The group has begun collecting time-lapse microscopy videos of mammalian cells. The data includes image sequences of hundreds of Balb/c fibroblast cells on polyacrylamide hydrogel substrates with varying mechanical properties and on tissue culture plastic substrates. The living cells were seeded on the substrates at a density of 1,000 cells/cm^2. The images of 1300 by 1030 pixels were acquired with a Princeton Instruments D1299421 camera mounted on a Zeiss Axiovert S100 microscope over the course of 10-24 hours.
The group first experimented with an interval between images of 15 minutes and then extended our capture rate to 30 seconds. It established ground-truth classification of cell shape for 800 images with about 2-10 cells per image. The class label indicate whether a cell is "spread," "non-spread," "polarized," etc. The group is in the process of developing a machine learning approach to classify cell shape in single images of cells.
The group has established ground-truth motion trajectories in image sequences of over 400 cells. Using these image sequences, the group will develop and test the performance of various tracking algorithms, including algorithms that evaluate cell shape. To solve the data association problem, the assignment of current measurements to cell tracks, the group has tested various cost functions with both an optimal and a fast, suboptimal assignment algorithm (see video below).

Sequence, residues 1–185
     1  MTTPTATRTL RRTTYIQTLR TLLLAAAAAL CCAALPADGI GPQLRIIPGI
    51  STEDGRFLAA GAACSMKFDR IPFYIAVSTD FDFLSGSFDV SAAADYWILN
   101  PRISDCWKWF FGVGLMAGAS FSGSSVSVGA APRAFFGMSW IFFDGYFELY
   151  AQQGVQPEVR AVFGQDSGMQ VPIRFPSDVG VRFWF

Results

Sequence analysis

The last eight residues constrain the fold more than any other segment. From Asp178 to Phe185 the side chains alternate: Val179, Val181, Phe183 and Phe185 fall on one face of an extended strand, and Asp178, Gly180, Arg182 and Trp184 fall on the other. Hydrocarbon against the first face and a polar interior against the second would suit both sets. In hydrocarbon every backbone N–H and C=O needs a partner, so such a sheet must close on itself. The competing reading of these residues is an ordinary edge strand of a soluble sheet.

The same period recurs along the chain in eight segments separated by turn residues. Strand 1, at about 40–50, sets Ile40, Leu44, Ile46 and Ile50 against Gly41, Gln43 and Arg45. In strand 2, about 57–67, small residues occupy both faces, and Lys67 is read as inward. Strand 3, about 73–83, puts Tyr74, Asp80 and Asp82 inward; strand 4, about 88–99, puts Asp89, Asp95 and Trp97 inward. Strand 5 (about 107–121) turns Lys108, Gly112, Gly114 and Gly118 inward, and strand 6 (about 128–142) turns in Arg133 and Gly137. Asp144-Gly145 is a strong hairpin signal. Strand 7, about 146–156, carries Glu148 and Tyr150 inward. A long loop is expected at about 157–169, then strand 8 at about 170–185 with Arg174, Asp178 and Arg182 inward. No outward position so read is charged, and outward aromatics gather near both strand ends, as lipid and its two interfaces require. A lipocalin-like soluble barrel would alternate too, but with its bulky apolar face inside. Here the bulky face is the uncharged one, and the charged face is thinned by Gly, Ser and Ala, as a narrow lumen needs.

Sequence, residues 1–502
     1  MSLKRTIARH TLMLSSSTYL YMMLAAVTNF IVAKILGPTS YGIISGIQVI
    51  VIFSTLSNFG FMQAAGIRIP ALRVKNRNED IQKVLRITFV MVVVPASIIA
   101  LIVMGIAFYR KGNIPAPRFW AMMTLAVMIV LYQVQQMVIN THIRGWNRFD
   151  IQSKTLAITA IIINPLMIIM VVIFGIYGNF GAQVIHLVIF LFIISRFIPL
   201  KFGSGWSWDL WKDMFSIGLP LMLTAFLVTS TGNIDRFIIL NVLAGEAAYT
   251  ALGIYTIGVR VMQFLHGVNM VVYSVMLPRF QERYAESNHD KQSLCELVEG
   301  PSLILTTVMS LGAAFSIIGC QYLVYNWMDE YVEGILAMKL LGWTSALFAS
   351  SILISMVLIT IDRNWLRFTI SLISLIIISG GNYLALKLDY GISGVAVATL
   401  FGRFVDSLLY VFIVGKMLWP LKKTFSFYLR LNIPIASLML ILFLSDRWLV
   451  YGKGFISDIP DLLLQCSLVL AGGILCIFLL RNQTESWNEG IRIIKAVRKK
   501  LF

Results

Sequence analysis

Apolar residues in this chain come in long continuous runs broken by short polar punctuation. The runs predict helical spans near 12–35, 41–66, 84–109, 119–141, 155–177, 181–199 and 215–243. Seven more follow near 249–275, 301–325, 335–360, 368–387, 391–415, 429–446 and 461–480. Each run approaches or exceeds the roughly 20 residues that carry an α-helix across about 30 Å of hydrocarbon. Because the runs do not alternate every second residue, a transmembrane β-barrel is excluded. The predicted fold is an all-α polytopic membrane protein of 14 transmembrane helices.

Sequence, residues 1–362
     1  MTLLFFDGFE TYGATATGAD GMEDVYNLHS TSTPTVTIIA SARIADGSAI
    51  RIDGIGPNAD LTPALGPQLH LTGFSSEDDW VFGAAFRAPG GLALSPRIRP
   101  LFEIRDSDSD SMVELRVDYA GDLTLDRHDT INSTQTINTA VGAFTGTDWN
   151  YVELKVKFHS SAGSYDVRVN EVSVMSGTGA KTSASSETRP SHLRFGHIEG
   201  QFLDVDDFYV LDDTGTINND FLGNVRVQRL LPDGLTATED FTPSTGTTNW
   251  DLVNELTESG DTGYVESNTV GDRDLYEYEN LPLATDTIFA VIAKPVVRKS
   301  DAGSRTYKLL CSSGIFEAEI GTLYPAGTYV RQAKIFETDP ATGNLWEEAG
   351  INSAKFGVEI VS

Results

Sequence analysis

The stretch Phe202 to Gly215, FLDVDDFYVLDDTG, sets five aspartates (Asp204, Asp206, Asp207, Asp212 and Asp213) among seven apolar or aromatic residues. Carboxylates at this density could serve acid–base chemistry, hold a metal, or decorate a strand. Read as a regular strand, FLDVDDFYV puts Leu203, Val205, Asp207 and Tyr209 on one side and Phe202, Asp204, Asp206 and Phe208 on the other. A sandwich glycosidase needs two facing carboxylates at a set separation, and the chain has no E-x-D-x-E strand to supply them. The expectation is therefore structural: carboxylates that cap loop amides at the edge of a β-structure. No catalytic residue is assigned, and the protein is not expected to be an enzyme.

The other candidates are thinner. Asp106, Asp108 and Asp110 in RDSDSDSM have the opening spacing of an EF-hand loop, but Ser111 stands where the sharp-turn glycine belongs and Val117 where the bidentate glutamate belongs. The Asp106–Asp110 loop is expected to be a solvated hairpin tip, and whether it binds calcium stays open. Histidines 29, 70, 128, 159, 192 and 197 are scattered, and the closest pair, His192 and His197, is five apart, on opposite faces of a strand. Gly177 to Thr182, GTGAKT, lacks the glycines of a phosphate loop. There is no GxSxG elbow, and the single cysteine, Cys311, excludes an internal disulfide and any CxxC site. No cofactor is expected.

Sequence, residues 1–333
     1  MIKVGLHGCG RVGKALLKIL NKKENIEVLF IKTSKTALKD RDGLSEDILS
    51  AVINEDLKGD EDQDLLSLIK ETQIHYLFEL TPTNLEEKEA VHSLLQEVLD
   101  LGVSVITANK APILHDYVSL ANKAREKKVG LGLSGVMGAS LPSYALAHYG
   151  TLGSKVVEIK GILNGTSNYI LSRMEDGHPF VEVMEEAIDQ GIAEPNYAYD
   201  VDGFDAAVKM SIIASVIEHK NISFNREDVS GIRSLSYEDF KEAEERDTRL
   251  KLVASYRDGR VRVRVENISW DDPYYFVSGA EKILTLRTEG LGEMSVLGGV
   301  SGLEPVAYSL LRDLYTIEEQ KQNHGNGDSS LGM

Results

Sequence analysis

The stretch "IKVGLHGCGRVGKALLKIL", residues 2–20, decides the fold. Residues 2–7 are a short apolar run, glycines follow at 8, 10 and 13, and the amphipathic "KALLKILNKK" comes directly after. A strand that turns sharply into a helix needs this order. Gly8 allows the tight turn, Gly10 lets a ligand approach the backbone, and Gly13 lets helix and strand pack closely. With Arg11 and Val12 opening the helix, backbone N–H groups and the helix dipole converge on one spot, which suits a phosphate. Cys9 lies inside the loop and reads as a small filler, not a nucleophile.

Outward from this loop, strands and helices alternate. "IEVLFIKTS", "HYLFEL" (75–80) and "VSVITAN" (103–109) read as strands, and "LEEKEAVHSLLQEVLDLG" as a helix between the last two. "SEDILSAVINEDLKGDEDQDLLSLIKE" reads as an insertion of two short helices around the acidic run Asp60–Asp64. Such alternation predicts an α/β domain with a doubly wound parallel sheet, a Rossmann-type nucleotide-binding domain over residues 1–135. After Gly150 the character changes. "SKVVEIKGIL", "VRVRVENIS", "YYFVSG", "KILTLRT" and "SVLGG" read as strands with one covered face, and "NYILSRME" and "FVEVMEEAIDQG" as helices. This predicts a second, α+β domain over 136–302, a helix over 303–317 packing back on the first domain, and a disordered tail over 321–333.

The group measured how cell populations respond to the physical stimuli presented in the environment, for example, the stiffness property of the substrate. The analysis of hundreds of spatio-temporal cell trajectories revealed significant differences in the behavioral response of fibroblast cells to changes in hydrogel conditions.
The group also proposed metrics to quantify cell migration properties, such as motility and directional persistence. The group is in the process of comparing actual measurements of cell movement with a theory, the "random walk model," which has been used widely in the literature to describe cell migration.Preliminary results were published a workshop paper
D. House, M. L. Walker, Z. Wu, J. Y. Wong, and M. Betke. "Tracking of cell populations to understand their spatio-temporal behavior in response to physical stimuli." In MMBIA 2009: IEEE Computer Society Workshop on Mathematical Methods in Biomedical Image Analysis, Miami, FL, June 2009. 8 pp. pdf.and discussed in a conference poster
M. L. Walker, D. M. House, M. Betke, and J. Y. Wong. "Using automated cell tracking tools to quantify durokinesis and durotaxis in real time." Proceedings of the Biophysical Society 53rd Annual Meeting, Boston, MA, USA, February 2009. Abstract.Our most recent work uses machine learning techniques to classify cells based on their shape:
Diane H. Theriault, Matthew Walker, Joyce Y. Wong, and Margrit Betke. Cell Morphology Classification and Clutter Mitigation Using Machine Learning. Submitted manuscript. October 2010.
Video of tracking cells in time-lapse microscopy images
Active Contour Segmentation
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